By Chris Spears
DENVER (CBS4) – Grab a pen and mark your calendar for Monday, Aug. 21. That’s when a total solar eclipse will grace the sky.
The eclipse will begin on the northwest coast of Oregon and travel to the central coast of South Carolina.
It’ll be the first eclipse to cross the lower 48 U.S. states from coast to coast since 1918.
An eclipse occurs as the moon passes in between earth and the sun. The result is a shadow cast during the middle of the day that for some will resemble night.
“Animals behave differently. It’s like they suddenly came to nightfall. You hear insects making their nighttime noises,” said Dr. Steve Lee, a space scientist with the Denver Museum of Nature & Science.
The temperature can even drop a few degrees along the path of totality.
While most every American will be able to see the partially eclipsed sun, only a narrow path across the country will see the sun fully eclipsed.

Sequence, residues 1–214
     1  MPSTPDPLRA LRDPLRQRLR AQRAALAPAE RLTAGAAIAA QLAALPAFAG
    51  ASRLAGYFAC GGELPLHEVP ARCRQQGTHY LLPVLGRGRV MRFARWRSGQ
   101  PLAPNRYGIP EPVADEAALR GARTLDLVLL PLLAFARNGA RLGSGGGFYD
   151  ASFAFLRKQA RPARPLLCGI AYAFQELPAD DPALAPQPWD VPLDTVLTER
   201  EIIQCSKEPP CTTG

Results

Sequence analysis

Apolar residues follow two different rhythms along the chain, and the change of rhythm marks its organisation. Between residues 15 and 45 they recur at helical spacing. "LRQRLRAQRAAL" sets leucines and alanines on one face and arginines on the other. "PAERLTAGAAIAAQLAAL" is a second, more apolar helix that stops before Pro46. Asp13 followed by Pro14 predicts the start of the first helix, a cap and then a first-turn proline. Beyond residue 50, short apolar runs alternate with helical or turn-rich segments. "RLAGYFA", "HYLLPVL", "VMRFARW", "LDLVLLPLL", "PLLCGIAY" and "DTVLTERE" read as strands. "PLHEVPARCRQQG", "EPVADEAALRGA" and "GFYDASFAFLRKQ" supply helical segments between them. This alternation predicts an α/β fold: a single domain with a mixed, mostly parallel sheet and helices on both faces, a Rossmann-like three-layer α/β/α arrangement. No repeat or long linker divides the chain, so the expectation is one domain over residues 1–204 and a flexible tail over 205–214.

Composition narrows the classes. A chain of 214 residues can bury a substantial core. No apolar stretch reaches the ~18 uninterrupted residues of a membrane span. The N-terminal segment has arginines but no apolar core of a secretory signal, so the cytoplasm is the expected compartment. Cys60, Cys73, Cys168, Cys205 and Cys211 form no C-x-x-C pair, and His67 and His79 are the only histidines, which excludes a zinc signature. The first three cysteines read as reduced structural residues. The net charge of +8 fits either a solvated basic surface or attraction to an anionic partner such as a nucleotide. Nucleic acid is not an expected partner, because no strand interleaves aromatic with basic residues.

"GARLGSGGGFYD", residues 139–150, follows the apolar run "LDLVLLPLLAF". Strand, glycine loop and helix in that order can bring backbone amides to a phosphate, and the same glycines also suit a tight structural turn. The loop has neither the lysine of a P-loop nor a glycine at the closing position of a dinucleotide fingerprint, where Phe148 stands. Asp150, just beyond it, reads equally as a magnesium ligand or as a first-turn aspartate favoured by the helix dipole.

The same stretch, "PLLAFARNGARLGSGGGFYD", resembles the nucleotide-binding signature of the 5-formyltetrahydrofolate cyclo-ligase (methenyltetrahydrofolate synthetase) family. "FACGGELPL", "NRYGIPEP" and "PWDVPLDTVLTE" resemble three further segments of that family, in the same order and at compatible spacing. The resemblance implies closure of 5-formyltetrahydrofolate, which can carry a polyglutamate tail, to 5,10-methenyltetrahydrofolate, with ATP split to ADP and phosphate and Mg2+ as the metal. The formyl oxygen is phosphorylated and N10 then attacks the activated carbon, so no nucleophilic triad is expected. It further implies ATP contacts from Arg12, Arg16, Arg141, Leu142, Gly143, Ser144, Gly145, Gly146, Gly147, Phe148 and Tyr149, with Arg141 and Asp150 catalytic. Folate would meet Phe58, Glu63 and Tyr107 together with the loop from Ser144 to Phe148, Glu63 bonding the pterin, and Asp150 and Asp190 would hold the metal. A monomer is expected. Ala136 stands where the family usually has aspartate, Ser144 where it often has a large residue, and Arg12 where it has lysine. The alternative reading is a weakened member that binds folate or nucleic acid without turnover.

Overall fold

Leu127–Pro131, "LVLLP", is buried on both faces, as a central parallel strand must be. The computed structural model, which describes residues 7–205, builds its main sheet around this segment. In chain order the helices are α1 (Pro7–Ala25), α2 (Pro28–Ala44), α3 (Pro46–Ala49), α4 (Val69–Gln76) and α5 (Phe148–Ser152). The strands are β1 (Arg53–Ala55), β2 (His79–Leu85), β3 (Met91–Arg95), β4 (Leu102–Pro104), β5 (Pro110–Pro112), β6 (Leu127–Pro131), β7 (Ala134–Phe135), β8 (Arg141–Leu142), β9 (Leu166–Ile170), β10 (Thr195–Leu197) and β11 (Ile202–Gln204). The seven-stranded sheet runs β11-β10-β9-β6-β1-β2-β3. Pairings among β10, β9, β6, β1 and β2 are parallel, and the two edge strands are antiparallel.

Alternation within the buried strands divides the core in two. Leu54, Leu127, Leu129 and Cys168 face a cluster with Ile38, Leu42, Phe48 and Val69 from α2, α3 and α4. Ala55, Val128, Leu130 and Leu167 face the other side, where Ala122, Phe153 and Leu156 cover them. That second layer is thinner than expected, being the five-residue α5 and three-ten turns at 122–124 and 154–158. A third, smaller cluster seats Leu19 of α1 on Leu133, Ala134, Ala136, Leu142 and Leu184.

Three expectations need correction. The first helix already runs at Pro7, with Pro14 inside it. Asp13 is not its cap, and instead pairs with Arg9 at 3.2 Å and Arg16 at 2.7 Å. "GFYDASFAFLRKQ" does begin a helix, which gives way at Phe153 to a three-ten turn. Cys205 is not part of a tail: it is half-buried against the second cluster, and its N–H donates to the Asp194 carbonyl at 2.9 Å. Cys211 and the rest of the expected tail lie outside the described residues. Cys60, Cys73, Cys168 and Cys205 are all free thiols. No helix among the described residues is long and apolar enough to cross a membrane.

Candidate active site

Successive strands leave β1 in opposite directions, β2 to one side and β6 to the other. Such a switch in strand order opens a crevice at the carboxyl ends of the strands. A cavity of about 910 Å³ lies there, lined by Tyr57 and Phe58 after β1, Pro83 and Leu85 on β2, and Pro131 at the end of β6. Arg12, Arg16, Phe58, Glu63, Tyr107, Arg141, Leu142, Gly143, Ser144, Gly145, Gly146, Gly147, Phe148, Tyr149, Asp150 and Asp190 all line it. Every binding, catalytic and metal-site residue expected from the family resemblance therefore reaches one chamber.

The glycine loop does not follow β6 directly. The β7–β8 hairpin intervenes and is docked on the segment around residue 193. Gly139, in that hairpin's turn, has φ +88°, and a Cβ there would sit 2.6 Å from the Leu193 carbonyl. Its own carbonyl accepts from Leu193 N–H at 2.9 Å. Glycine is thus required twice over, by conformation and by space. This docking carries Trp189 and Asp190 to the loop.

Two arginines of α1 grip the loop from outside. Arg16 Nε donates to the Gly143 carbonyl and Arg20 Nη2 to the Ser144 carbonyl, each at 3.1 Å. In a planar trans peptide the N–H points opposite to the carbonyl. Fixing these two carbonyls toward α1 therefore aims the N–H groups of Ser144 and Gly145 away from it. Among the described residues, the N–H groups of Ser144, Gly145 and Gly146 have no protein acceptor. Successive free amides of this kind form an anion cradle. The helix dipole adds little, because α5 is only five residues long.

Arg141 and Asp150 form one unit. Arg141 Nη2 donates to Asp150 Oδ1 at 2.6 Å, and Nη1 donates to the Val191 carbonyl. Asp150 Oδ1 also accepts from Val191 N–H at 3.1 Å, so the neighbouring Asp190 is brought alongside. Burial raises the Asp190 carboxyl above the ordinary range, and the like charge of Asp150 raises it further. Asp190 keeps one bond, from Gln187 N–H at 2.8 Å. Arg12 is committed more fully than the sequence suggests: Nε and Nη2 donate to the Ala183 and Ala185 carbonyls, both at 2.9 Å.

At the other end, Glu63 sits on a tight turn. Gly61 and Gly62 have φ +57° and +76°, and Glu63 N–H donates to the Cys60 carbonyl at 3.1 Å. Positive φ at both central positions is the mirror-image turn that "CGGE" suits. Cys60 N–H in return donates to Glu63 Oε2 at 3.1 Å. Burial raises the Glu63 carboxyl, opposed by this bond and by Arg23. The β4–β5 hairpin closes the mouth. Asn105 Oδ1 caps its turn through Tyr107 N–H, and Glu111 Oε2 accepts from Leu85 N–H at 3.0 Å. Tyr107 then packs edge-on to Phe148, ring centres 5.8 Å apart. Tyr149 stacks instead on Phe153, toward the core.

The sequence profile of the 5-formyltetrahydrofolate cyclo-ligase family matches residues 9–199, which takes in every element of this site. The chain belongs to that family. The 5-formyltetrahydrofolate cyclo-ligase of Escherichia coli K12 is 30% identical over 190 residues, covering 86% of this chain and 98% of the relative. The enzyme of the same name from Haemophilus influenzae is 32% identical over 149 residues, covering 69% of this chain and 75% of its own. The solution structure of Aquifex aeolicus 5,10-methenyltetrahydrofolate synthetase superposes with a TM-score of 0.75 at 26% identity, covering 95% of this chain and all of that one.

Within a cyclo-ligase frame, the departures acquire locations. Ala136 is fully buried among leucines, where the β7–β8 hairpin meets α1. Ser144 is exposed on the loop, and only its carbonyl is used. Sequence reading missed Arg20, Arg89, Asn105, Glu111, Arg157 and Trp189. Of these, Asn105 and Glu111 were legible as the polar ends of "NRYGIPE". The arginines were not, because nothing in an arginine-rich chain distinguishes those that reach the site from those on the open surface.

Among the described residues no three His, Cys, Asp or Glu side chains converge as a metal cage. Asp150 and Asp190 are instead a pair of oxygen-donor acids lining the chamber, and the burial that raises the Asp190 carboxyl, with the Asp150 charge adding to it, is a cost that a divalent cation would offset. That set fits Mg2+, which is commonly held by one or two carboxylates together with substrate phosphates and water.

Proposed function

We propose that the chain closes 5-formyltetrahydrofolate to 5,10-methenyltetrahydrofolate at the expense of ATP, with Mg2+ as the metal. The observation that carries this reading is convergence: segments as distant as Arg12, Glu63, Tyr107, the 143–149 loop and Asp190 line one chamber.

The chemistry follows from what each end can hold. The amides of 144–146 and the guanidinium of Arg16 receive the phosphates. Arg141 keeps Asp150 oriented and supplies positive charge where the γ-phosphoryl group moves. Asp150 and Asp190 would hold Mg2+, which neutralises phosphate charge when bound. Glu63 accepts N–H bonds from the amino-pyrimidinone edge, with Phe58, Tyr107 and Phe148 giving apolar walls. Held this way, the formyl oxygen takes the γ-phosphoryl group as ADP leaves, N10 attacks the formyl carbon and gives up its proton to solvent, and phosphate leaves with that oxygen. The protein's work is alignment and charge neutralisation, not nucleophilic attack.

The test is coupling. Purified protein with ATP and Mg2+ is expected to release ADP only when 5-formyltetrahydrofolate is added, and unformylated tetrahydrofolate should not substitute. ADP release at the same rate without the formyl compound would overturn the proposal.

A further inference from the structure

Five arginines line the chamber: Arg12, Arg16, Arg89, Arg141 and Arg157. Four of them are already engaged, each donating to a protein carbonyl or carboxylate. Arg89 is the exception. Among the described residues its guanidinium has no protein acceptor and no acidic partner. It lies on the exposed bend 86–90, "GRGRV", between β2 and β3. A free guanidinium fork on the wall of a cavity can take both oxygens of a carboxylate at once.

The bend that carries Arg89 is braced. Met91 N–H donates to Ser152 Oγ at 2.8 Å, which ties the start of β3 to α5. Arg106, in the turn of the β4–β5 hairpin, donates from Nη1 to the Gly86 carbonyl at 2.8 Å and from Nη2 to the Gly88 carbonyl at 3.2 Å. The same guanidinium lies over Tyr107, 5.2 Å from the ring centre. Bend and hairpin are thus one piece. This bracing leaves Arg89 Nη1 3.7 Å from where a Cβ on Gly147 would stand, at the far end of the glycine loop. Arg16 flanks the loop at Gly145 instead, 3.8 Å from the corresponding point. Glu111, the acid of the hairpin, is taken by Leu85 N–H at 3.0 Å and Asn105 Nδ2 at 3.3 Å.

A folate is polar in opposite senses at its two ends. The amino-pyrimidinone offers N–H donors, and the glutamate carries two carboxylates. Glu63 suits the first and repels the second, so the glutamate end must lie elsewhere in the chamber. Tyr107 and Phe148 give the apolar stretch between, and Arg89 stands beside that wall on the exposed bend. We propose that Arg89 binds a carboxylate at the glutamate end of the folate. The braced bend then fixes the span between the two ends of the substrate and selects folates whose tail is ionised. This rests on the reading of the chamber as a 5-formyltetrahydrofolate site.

In Colorado the sun will range from about 80 percent eclipsed in the southwest corner to over 95 percent in the northeast part of the state.
The sun will be about 92 percent eclipsed in Denver.
If you want to see the sun eclipsed entirely you will need to travel north into central Wyoming or western Nebraska to get into the path of totality.
Here’s an awesome website with an interactive map showing the eclipse across the nation.
No matter where you plan to be you will need to protect your eyes.
“There’s so much infrared light and ultraviolet light coming out of the sun that even staring directly at it for a couple of seconds is enough to permanently burn a spot in your retina,” said Lee.
You can purchase special glasses with built in filters that will allow you to look directly at the sun during the eclipse.
Meteorologist Chris Spears travels weekly in the CBS4 Mobile Weather Lab reporting about Colorado’s weather and climate. Check out his bio, connect with him on Facebook or follow him on Twitter @ChrisCBS4.